The US Dollar was on its heels following Jerome Powell’s comments last week that current US interest rates weren’t far below the neutral rate. But the greenback will have plenty of chances to recover some ground this week, as there is a wide array of data due which could swing momentum back towards the USD if the numbers surprise on the high side.
ISM Manufacturing data is due first up on Monday (US time), with the ADP private employment numbers on Wednesday, followed by the big one which is Non-Farm Payrolls data on Friday (not to mention that Chairman Powell will also be making further public speeches this week). How the USD performs this week will be data-dependant, because while FOMC officials may again take a cautious tone with their language, it is the cold, hard economic data that may speak the loudest.
December is historically a good month for the equity market, and if that trend continues this year it will put the AUDUSD rate in good shape to make forward progress towards the 0.74 handle. A turnaround in the fortunes of the major US indices at the end of November increased the appeal of the Aussie Dollar, with the technical indicators looking reasonably bullish from a momentum perspective. This week we have the RBA interest rate decision on Tuesday, which is expected to be another non-event, leaving the focus more so on Wednesday’s GDP release ahead of Retail Sales numbers on Thursday.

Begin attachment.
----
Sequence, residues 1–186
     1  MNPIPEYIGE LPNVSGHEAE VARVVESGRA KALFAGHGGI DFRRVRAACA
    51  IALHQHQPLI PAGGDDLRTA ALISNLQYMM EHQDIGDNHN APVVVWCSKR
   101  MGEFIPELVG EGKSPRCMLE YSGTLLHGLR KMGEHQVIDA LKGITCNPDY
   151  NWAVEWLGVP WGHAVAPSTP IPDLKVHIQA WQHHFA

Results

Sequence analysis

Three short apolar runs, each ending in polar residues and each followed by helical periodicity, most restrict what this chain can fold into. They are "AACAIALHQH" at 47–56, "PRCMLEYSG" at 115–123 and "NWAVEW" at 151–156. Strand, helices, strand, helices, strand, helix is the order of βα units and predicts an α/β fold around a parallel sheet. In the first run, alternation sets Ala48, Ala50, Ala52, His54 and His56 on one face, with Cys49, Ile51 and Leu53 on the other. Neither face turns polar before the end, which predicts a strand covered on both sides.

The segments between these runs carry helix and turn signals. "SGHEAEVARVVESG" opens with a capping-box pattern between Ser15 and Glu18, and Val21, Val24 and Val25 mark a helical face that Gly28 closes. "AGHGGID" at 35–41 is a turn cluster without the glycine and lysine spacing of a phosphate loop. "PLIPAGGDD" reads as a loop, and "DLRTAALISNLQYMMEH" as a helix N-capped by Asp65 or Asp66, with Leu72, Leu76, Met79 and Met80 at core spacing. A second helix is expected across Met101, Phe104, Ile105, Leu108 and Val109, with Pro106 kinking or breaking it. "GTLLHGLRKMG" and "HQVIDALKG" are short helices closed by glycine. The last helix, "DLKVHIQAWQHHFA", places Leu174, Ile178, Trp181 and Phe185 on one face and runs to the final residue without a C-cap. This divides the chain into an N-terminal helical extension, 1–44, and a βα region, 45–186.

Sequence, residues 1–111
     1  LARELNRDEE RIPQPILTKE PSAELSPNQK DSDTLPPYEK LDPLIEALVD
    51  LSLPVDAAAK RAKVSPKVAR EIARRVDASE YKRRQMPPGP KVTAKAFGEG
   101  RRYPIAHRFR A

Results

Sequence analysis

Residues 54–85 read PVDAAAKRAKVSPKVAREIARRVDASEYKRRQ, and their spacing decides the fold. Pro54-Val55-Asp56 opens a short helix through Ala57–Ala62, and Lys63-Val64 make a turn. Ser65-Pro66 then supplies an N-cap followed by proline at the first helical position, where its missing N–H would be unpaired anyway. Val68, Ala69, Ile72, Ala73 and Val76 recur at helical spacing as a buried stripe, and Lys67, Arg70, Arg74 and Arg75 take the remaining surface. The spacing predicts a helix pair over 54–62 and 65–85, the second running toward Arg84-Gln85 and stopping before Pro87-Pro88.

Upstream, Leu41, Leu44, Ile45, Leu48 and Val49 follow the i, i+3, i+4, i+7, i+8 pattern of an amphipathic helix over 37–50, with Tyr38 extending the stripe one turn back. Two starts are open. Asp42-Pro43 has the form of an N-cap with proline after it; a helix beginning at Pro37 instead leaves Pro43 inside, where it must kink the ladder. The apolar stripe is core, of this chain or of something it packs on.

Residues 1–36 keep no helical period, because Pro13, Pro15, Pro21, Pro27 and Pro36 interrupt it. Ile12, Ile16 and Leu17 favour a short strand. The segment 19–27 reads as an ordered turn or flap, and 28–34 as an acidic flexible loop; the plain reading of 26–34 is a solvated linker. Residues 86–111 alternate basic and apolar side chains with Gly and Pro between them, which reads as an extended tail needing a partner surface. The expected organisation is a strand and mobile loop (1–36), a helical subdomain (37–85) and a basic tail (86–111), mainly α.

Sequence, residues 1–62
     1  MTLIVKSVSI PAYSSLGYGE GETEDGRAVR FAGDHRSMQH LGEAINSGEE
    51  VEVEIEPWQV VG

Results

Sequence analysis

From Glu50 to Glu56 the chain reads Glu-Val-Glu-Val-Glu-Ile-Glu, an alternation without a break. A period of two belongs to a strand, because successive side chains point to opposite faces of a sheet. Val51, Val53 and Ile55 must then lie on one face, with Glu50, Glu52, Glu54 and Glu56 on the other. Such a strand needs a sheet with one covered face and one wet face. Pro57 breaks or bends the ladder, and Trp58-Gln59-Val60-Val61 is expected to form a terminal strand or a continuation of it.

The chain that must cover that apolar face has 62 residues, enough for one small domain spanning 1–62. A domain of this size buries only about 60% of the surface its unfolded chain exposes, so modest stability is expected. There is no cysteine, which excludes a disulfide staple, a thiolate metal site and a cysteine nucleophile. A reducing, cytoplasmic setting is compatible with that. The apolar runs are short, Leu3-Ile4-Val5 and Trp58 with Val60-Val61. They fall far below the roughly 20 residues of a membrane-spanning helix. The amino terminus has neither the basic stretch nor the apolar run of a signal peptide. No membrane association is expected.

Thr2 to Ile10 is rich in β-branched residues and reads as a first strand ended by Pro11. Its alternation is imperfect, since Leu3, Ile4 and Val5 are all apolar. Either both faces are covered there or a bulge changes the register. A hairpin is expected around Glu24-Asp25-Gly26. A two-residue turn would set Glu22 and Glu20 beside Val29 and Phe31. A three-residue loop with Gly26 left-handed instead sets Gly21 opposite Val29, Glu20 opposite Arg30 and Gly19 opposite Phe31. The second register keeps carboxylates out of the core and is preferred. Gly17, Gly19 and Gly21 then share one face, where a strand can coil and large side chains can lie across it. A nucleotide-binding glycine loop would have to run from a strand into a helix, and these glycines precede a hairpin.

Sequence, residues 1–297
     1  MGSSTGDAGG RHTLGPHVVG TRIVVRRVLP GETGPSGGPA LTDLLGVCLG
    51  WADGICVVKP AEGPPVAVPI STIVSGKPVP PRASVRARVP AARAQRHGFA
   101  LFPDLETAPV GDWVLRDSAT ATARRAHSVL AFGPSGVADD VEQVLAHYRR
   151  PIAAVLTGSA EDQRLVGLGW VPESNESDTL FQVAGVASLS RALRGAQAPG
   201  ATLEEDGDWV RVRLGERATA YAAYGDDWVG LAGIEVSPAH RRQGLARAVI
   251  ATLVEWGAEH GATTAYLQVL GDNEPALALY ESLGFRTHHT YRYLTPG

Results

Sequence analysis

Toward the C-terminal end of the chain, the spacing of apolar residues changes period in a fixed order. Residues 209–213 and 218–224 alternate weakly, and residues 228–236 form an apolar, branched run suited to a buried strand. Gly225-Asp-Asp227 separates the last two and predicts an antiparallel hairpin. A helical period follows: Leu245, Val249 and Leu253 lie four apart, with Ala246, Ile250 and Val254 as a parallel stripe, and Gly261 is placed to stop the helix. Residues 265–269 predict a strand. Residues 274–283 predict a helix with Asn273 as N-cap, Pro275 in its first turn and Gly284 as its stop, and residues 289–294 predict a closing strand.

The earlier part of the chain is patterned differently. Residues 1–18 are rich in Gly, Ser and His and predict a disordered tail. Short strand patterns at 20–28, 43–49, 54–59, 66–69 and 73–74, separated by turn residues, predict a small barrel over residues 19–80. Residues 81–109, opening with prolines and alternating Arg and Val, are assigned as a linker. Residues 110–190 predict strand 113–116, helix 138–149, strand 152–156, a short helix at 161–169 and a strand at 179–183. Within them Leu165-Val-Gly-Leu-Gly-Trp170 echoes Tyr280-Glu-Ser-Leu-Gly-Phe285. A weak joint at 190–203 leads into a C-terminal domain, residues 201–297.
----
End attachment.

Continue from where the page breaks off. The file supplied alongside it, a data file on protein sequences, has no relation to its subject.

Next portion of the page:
The British Pound ended last week on a softer note, and with more potential Brexit headwinds this week we can’t rule out further downside moves in the direction of its yearly low (1.2661), especially if Theresa May fails to start getting more allies on her side in attempting to get the draft deal approved by Parliament on December 11th. The GBPUSD rate remains a tricky proposition to trade as it is liable to swing rapidly higher or lower as the UK political situation plays out. Keeping your stop orders tight might be the way to play it for now, but caution is advised with the Brexit deal hanging in limbo.
Market reaction to the weekend’s Trump and Xi meeting will decide whether it’s the safe-haven currencies such as the US Dollar, Yen and Swiss Franc that find support, or whether traders instead choose to go long on the likes of the Euro and Aussie Dollar on the basis that risk-assets will rise. With signs that there will be a freeze on tariffs at 10% while further talks take place, a favourable reaction from risk-assets to start the week looks on the cards. But there are still plenty of things to play out before a final deal is done, so we don’t expect this story to disappear from the headlines anytime soon.
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Soaring US yields trigger the wrecking ball effect as yields become a source of volatility for risk, rather than a source of support